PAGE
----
On June 21, 2023, the first day of summer, the sun was not only shining in the sky, it was shining on a new day for New York’s wildlife, as the state moved legislation forward to become the 9th state in the United States to ban hunting contests, a major win for wildlife.

There have been hunting contests in the state for years targeting a range of wildlife from coyotes to squirrels. In each contest, prizes are awarded for quantity, size, and other identifying features of a particular species. All are designed to kill the largest number of target animals in the shortest time. For example, red and black squirrels, as compared to gray squirrels, killed in Germantown’s annual squirrel hunt garner more points for the hunter.

These wildlife killing contests have long been hailed as unethical, inhumane, and ineffective by many environmental and animal rights organizations, including groups such as Protect the Adirondacks and the Humane Society. In 2020, the biggest coyote hunting contest in New York State, sponsored by the Federation of Sportsmen’s Clubs of Sullivan County, boasted 636 hunters who had registered for the three-day competition. In the end, 118 coyotes were killed and brought in for weighing. The winner brought in a 50.3 pound female coyote that he shot over bait in Sullivan County. His prize was $2,440, $2000 for the heaviest coyote and $200 for the heaviest coyote killed on Sunday and $240 for three additional coyotes killed. Of the 29 annual hunting contests in New York State 17 are focused on killing coyotes.

Like all predator species, coyotes are crucial members of their ecosystem. Not only do they help in dispersing seeds by depositing seed-filled scat widely, they also help maintain healthy numbers of prey animal species, a boon for farmers facing crop damage from rodents.  Coyotes are also scavengers that clean up our communities of dead wildlife, known as carrion.

Up until this legislation, there were eight states that had successfully legislated to ban killing contests, including Arizona, California, Colorado, Vermont, and Massachusetts.  New York Assemblymember Deborah Glick sponsored bill A.2917 that would make New York State the ninth.  Glick spoke out saying that she had received numerous emails from New Yorkers from all over the state, including messages from hunters, ranchers, and upstate organizations. “They find that the contests undermine the way in which people view hunting in general,” she said.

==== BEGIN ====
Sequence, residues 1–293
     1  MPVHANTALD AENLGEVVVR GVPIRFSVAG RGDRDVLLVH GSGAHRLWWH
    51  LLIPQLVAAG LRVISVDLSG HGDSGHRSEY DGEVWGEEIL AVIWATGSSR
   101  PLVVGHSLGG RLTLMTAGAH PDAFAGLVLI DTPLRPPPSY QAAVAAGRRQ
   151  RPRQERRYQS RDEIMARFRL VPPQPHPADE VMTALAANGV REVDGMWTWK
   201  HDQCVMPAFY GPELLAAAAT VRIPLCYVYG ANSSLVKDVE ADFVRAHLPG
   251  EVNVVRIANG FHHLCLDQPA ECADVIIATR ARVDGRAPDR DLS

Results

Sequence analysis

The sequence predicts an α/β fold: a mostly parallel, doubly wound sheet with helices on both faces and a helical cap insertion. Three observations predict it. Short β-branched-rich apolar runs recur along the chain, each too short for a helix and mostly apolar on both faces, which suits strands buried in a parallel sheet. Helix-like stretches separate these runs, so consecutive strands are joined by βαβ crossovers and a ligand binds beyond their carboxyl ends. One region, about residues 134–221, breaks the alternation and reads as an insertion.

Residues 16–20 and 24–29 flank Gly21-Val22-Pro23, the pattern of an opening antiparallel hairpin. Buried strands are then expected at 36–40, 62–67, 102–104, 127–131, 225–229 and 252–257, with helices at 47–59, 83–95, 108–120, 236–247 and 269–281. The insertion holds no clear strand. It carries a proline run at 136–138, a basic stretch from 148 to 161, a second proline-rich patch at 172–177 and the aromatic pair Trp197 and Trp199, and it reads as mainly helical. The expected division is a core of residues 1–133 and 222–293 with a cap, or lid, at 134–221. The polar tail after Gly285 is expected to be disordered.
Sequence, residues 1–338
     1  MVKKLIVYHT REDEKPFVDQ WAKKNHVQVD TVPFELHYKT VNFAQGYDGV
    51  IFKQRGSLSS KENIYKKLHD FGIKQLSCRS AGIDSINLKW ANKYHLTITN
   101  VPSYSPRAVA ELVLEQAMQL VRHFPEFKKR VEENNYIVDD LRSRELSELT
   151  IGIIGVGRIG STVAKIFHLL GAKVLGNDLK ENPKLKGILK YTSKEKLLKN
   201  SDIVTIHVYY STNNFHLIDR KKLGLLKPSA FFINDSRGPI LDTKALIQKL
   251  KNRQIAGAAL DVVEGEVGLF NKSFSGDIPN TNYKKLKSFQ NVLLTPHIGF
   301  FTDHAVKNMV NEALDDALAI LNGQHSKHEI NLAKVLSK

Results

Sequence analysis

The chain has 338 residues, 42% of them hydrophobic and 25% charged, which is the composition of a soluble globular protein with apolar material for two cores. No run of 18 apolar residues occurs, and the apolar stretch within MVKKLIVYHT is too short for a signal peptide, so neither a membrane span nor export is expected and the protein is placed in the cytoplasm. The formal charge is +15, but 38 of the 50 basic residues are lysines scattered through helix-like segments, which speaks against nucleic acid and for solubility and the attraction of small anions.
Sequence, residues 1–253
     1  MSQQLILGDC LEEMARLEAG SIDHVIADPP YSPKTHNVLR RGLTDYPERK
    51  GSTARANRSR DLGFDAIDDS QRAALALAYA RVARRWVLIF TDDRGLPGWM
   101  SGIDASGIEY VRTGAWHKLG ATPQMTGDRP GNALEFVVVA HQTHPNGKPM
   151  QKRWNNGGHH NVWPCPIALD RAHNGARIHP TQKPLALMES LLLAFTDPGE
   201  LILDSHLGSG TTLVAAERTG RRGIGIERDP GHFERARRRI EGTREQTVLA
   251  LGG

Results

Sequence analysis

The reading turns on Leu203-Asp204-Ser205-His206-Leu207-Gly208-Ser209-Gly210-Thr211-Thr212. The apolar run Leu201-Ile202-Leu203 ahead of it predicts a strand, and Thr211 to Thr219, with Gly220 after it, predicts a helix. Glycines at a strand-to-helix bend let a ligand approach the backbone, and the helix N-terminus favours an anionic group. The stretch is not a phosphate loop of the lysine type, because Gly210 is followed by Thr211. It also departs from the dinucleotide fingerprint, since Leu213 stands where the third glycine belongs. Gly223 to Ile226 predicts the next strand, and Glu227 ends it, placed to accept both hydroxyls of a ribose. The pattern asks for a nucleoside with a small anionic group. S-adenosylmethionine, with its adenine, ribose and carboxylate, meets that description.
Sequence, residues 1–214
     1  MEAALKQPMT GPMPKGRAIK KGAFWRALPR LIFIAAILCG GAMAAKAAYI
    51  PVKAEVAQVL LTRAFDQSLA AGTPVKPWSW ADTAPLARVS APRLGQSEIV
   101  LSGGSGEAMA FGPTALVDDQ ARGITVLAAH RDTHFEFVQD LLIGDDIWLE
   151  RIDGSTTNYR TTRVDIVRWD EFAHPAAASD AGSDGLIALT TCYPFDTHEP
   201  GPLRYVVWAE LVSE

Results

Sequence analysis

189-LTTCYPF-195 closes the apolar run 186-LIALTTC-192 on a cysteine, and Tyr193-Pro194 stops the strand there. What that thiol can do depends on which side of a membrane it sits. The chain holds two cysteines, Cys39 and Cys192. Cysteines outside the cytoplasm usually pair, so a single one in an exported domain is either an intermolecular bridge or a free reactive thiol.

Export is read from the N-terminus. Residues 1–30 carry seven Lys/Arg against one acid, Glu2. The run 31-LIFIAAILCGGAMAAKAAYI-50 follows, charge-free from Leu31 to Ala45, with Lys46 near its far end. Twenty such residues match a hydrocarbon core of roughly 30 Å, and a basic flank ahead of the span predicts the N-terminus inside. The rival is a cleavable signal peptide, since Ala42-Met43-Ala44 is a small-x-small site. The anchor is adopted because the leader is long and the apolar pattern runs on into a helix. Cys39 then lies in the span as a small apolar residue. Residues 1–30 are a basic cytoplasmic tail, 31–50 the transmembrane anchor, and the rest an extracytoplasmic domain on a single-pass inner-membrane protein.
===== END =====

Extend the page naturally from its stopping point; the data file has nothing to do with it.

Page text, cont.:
While hunting is common, New York’s Department of Environmental Conservation recognizes that eliminating coyotes lethally on a wide scale, such as during a hunting contest, is “neither practical nor effective.”  In asking for a vote on her bill Glick went on to say that she believes, “based on the information provided by wildlife management and scientists, that this (her bill) is an appropriate measure.”

In fact, killing contests can make coyote issues worse. When so many coyotes are killed en masse, coyotes react by having bigger litters of pups. In addition, the loss of experienced adults translates to the young survivors hunting easier prey like pets and livestock. Another result of hunting contests is that often hunters end up killing non-offending coyotes.

The bill, S.4099, sponsored by Senator Tim Kennedy, passed by a vote of 46-15 on June 7 in the State senate and Glick’s bill passed in the Assembly by a vote of 86-54 on June 21. It is now headed to Governor Kathy Hochul for final approval. The legislation was not only supported widely by residents and organizations, but also many hunters and more than 50 farmers.

The passing of this bill demonstrates again that citizens can make a difference for wildlife by raising their voices in support of important legislation. While these elected officials crafted these bills, the organizations who helped to spread the word and gain support were instrumental in its passing. Everyone who called, emailed and wrote to their representatives helped this legislation pass.


Update January 2nd 2024

New York received an early Christmas gift!

After continued pleas from animal protection and conservation groups, New York State Governor Kathy Hochul signed legislation S 4099/A.2917 to protect NYS wildlife by making hunting contests, competitions, tournaments, and derbies that allowed for the take of large numbers of wildlife unlawful on December 22, 2023.

Although the legislations excludes contests for hunting white-tailed deer, turkeys, bears, and fishing contests, it will make a huge impact on the state’s environment. “Today is a win for every animal that was previously targeted by these cruel contests,” said Regan Downey, director of education at the Wolf Conservation Center. “We applaud Gov. Hochul’s decision to sign A.2917/S.4099 into law. New Yorkers value humane and science-based approaches to wildlife management and we are thankful to finally have a policy that reflects these values in our backyard. Killing contests have no place in the 21st century, nor do they have a place in New York.”

New York State became the 10th state to stop the slaughter of wildlife for cash and prizes.

credit - Nancy F. Castaldo

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